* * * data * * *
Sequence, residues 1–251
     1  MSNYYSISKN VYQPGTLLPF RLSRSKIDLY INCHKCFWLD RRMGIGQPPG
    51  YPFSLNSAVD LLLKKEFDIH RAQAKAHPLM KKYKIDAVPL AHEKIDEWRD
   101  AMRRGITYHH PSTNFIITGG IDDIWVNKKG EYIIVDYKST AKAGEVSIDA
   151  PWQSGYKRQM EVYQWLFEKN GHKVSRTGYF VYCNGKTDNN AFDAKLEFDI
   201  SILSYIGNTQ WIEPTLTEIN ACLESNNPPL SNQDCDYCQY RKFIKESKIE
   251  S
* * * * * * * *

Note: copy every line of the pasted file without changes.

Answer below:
Sequence, residues 1–251
     1  MSNYYSISKN VYQPGTLLPF RLSRSKIDLY INCHKCFWLD RRMGIGQPPG
    51  YPFSLNSAVD LLLKKEFDIH RAQAKAHPLM KKYKIDAVPL AHEKIDEWRD
   101  AMRRGITYHH PSTNFIITGG IDDIWVNKKG EYIIVDYKST AKAGEVSIDA
   151  PWQSGYKRQM EVYQWLFEKN GHKVSRTGYF VYCNGKTDNN AFDAKLEFDI
   201  SILSYIGNTQ WIEPTLTEIN ACLESNNPPL SNQDCDYCQY RKFIKESKIE
   251  S